What would be a good Latin translation of a "star", a famous actor, musician or other such person? I am looking for a good translation for modern use, but of course an attested ancient choice of words would be great if available.

There are a couple of Latin words for a star, and of course using one of them is an option. I think that the neuter words astrum and sidus are not suitable for this use. Stella sounds much better. There is also the Greek loan aster. A Greek loan adds a posh tone — in my ears at least — which I find appropriate for this use. My own suggestion is to use aster for male stars and stella for females, to match the genders of the nouns. But are there other options that I should be aware of? What translation would you suggest and why?

  • I'm told Modern Greek uses a derivative of aster- but that might be calquing back from English.
    – Draconis
    Commented Feb 21, 2017 at 23:47
  • @Joonas llmavirta: Oxford offers, "celebrity" = "fama", "celebritas", both feminine nouns.
    – tony
    Commented Nov 8, 2021 at 9:29
  • @tony Perhaps those offers are for "celebrity" in the sense of "fame" rather than "famous person", although that meaning seems to have become rarer in English. Of course it could stand for the other one by metonymy, but it'd be good to know if there is a further discussion in addition to a mere translation.
    – Joonas Ilmavirta
    Commented Nov 8, 2021 at 9:47
  • @Joonas llmavirta: I realise that "fama" isn't quite what you are looking for. In contemporary English, "star" & "celebrity" are used almost interchangeably. Newspapers talk of "the cult-of-celebrity" to describe adherents who hang on the every word of "stars". Lewis & Short offer exs. of uses of "fama" = "renown"--still skirting around the edges. I'm not sure that Latin has what you seek; but, I'm happy to be educated.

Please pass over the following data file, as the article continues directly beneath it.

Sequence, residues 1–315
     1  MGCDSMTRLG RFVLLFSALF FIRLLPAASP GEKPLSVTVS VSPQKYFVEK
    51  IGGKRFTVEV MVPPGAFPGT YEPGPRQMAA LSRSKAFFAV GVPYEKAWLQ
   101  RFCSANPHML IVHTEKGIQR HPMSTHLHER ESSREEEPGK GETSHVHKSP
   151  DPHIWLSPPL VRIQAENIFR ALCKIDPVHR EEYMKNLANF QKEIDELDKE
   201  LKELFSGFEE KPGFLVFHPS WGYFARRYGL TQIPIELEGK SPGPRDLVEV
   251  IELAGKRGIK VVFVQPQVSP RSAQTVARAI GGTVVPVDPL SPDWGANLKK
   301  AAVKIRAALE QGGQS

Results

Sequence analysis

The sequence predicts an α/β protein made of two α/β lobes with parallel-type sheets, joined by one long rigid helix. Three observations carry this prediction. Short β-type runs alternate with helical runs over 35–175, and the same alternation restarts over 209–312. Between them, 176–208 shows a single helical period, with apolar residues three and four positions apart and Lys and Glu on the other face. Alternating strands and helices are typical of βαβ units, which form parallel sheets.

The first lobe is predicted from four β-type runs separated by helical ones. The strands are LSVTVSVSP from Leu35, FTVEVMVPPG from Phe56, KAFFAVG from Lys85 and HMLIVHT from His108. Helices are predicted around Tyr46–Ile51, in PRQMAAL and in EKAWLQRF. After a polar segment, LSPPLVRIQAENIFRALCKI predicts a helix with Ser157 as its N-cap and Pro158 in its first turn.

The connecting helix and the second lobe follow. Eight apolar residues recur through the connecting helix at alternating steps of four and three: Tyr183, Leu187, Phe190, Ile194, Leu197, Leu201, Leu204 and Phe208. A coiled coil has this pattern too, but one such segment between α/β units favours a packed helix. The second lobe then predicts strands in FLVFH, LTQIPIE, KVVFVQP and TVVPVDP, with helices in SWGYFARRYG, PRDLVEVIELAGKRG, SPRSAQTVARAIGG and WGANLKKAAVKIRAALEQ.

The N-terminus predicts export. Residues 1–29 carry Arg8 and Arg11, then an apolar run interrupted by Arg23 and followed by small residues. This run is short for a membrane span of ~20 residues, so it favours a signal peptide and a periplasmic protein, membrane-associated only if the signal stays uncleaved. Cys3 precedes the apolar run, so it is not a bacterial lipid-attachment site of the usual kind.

– tony
    Commented Nov 8, 2021 at 12:35

1 Answer 1


Perhaps dīvus, dīva could be used, after modern Italian diva (which has been borrowed into English).

I think the potential for confusion with the ancient literal use meaning "god(ess)" (or as an epithet with a sense along the lines of "divine", "excellent") will be relatively small, in context, since when talking about someone from the modern era, it will rarely be necessary to express the concept of literal deification or divinity.

  • As far as I can imagine, the contexts for the two senses "godlike, divine" and "a star of entertainment" are exactly the same - that's why when someone suggested backforming divus as a masculine equivalent to diva for use in English, I thought it wouldn't work. Commented Nov 8, 2021 at 10:48
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    E.g. compare the metaphorical use of "god" in contexts like "The shy boy from Dublin who became a god of rock" or "Kylie Minogue is a goddess of pop".
    – Asteroides
    Commented Nov 8, 2021 at 10:55
  • Of course we don't, just like we talk about metaphorical stardom without implying that people become astronomical objects. We constantly do talk about metaphorical deification, however; and I seriously doubt the educated ancients believed in literal deification either, or in any case I don't see the need to distinguish a 'literal metaphor' from a 'non-literal metaphor'. Both "divine" and "a star" are metaphors for excellence, fame and worship and thus are likely to appear in the exact same contexts with no possibility to distinguish them as far as I can see. Commented Nov 8, 2021 at 12:15
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    @Unbrutal_Russian: I think I misunderstood what you were saying. I'll think more about it and try to add some specific usage examples to this post later to try to address it. Thank you!
    – Asteroides
    Commented Nov 8, 2021 at 15:17

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